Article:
“The biggest thing is that we do a lot of pre-throw stuff and a lot of post-throw stuff,” Matlock said in describing the program. “We are really diligent about staying on top of it. We've had a lot of guys velo go up. Those increases, and the ability to throw more in the bullpen because you are in better shape, helps the pitchers throw better. Your arm feels better, and you can repeat pitches, and stay in the strike zone more.”
Matlock’s description is of a program that clearly indicates a series of steps. Increase strength and flexibility, and arm strength improves. That allows pitchers to throw more, which helps them groove arm angle, release point and similar mechanics. That breeds consistency, which was clearly demonstrated on the mound this year.
“We try to get guys really strong,” Matlock said of the first goals of the program. “We work on their back where the labrum is and do two pound reverse throws and use a lot of tubing and stretching. We also use a weighted ball. Over time, I think guys can throw more, and they are more durable for the season. As long as our velo is up late in the season, that's what is important. That is what this program is built for. It's been really good for us.”
Of course, any new system also requires the enthusiastic support of its participants in order to show results, but it didn’t take long for that to develop.
“It probably only took about a week and the guys started saying, 'Holy cow, coach, my arm has never felt like this before',” Matlock said with a smile. “That's the first sign of the buy-in, because their arm feels good. Then Corey Walter, who is a 91 mph guy, throws 96 on scout day in October, and the other guys see that, and they buy in more. Musgrave adds three or four miles per hour, and Dan Dierdorff goes to 88 when he was around 84. You see those velo increases and that helps. The kids were ready for change, and they bought into it in a hurry. They built their weekly plans, and busted their butts, and I think they love the results.”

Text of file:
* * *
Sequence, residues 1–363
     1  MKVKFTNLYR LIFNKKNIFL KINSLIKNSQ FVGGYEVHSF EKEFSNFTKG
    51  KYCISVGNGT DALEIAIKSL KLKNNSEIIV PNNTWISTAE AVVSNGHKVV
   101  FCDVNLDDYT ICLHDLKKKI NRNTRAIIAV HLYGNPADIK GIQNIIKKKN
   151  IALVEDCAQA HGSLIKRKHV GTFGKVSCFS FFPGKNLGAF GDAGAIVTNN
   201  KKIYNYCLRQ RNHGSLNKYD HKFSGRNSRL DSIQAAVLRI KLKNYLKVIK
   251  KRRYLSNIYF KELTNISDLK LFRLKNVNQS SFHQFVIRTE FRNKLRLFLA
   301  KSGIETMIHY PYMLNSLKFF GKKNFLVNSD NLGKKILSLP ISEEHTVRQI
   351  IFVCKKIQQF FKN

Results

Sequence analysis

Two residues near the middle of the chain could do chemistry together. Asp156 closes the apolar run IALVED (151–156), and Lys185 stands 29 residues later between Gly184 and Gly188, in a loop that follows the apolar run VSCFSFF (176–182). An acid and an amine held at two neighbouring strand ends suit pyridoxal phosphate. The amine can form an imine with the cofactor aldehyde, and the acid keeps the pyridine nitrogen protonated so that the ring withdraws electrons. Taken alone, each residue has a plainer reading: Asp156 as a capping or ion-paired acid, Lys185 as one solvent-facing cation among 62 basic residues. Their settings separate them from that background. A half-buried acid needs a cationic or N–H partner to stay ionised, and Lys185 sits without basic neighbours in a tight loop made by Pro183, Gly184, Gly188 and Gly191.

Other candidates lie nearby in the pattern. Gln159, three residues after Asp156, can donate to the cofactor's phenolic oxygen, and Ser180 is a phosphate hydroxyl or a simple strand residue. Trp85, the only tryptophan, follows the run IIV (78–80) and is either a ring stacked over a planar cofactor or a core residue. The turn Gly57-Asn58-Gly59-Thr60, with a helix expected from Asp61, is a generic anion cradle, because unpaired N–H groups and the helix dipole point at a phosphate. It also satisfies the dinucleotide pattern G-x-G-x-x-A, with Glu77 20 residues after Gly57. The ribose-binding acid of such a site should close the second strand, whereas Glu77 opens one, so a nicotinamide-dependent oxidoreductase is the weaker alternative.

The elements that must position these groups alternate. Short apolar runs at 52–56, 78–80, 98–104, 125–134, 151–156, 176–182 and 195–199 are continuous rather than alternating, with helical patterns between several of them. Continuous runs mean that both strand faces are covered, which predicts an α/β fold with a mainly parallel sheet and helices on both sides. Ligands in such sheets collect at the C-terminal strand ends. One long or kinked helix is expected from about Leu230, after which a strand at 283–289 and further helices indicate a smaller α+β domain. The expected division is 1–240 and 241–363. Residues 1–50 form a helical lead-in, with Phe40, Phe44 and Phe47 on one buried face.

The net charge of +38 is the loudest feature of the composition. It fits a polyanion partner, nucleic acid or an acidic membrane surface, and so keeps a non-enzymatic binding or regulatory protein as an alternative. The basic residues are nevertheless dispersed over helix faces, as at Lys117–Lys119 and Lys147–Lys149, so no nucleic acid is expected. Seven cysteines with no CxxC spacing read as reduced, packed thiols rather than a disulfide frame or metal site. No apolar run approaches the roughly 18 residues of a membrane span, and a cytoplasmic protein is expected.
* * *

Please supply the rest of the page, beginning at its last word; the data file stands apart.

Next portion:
Not every goal can be achieved in one year, and Matlock would be the first to admit that. WVU is still very thin compared to most other Big 12 pitching staffs, and as a result, the Mountaineers are concentrating on bolstering the staff. No fewer than 10 potential pitchers populate the class of 15 signed players for 2014.
“We just need more arms,” Matlock said. “We are thin. We've had to have guys go up to 130 pitches, and that's not something you want to do all of the time, but we have guys that can handle it.”
Ideally, WVU would have three well-defined weekend starters, as well as two “swing” starters for mid-week and long relief stints. A corps of solid middle relievers and more than one closer capable of ending games (Pascal Paul has eight of the team’s 11 saves) are also on the wish list. Those are the goals for next year, but so far, Matlock is pleased with 2013’s showing. The new throwing program, coupled with the work put in by the staff, seems to indicate nothing but brighter days ahead for the Mountaineer hurlers.
Asked to sum it up, Matlock chose to focus on the process of improvement and his approval of the work that the pitchers have put in, but he did let one short performance assessment leak out.
“I think,” he said without irony, “that we’ve thrown it pretty good."